Recalling my favorite holidays, part two

The second part of my favorite holidays, which are a bit more adult-oriented.

Another bonus post during my Christmas Countdown, here’s the second half of my fondest holiday memories.

Over the meadow and through the woods…

Come to think of it, this isn’t all that inaccurate a description of regular trips to my paternal grandmother’s place, even if all those meadows and woods happened to be next to the freeway.

She lived in a semi-rural area just north of San Luis Obispo, which is a pretty thriving college town. She and her second husband (but the only grandfather I had ever known) owned fourteen acres which they had retired to in their early 60s, at which time they built a house on it, doing everything themselves except digging the basement and pouring the foundations.

Of course, they did cheat a little bit. They did build the modest front house themselves, which was essentially the kitchen, pantry living and dining rooms, and my grandparents’ bedroom, but the back half was a double-wide trailer that was actually so-well integrated that you really couldn’t tell.

This had a huge salon that I don’t remember anyone ever using — it was always freezing back there — and it had two bedrooms, one bathroom, and access to the amazing basement/root cellar. The basement was my grandpa’s media room, basically, with the most amazing sound system I’d ever heard.

Thanksgiving trips up there were always special, because it meant that my aunt and uncle often came, frequently with their already adult kids and, eventually, their grandkids who, even though they were my second cousins, were actually my age.

These fests also frequently involved half-sister and her kids, same situation. My oldest nephew, second cousin, and I were all born within eight months of each other, with the other two about a month apart.

So once the nephews, cousins, and I got old enough to get into mischief, we certainly did, and we ran all over those fourteen acres, basically being city boys let loose in the country. Not that we were destructive or malicious. It was just that we could see and do things here that didn’t exist at home.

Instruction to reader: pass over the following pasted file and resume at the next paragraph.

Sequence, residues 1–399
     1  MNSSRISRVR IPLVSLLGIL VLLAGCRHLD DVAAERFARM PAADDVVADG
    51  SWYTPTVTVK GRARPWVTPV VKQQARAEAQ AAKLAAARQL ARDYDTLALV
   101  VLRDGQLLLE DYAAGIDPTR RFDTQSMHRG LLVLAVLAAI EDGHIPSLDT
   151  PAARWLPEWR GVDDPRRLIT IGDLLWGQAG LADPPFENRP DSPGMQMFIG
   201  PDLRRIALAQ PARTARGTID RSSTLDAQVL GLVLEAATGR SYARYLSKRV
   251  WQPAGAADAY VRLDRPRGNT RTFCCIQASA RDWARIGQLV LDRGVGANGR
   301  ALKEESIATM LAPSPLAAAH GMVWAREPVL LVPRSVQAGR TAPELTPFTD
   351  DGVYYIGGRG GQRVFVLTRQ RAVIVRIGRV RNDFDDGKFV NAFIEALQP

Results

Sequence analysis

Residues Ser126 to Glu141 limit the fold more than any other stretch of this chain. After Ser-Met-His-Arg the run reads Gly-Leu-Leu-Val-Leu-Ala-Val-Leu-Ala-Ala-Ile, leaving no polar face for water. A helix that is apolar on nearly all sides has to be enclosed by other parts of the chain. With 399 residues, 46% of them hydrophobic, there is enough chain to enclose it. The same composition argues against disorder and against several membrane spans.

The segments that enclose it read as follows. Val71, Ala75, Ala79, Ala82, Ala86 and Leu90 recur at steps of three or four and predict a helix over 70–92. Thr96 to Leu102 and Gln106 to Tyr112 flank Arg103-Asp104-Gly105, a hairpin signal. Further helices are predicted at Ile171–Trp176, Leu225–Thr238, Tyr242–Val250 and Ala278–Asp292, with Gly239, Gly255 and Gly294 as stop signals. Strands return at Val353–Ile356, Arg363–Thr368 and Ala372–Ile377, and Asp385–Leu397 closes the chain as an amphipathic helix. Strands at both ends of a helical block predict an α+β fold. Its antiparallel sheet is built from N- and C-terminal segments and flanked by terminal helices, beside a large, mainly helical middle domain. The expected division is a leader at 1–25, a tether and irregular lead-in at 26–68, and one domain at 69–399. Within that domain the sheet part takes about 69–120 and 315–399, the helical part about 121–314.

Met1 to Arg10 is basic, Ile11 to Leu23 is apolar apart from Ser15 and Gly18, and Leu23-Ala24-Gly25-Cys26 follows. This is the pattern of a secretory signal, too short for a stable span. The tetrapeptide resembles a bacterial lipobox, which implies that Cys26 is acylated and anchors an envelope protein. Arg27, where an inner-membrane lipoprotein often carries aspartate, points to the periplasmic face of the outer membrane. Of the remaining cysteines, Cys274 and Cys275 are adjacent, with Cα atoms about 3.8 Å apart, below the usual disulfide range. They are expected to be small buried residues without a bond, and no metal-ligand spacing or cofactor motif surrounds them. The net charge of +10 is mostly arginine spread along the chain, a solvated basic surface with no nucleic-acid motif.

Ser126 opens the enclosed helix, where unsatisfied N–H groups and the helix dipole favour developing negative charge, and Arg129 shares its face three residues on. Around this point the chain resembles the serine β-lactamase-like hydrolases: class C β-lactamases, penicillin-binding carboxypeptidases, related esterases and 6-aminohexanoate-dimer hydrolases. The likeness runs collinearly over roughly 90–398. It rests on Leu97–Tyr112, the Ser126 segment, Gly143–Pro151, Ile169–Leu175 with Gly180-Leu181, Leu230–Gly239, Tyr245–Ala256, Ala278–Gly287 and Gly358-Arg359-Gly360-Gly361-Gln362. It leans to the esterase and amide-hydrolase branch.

There were farm animals and poultry, a rushing creek that defined the border of the property, my grandfather’s huge field of Irises, outbuildings full of mysterious antiques to explore, and plenty of trails and hills. The neighbors immediately in front had a horse in their yard we loved to visit with.

Of course, after we’d gotten a little older, maybe around 12 or 13, we discovered the box of grandpa’s nudie mags in a shed. They were mostly old Playboys with an occasional Playgirl stuck in there, or one or two that were nastier — Penthouse, Hustler, and worse.

I actually think that they, like the boxes of rock ‘n roll records he would let us ransack, were the rejects from his bulk-buying trips at swap meets and antique fairs. He had a habit of buying things by lots, then weeding out the few treasures and leaving the rest for friends and family.

Out of all these Thanksgiving trips, though, my favorite has to be the one that was my last. I was fifteen, and I remember it being more subdued. I think that my parents and I arrived on Thursday afternoon with everyone else scheduled to arrive the next day.

But that evening, my oldest second cousin’s mother dropped him off to spend the night. We had last seen each other when we were 12 and, needless to say, now that we were both 15, we looked a lot more grown-up.

I don’t want to name him so I’ll use the pseudonym “Three,” because his father and grandfather also had the same name.

We wound up one of the bedrooms in the trailer part of the house — separate twin beds — at which point I learned that he’d really kind of morphed into a bad boy. He smoked, and did so constantly after we’d gotten into our beds before lights out, despite me warning him that was a bad idea — well, smoking and doing it in bed both are.

Um, smoking in bed, not “doing it” in bed.

I refused his offers to take a puff, but we did proceed to entertain each other with our increasingly lewd arsenal of dirty jokes, something that every 15-year-old boy comes equipped with. He also eventually got into recounting some of his sexual exploits with his girlfriend.

At the time, I had nothing to say because I was a closeted gay virgin. It was also all I could do to ignore the fact that he was pretty ripped, and try not to get too aroused about his stories, like the time his girlfriend rode him under a poncho in the rain in the stands at a high school football game.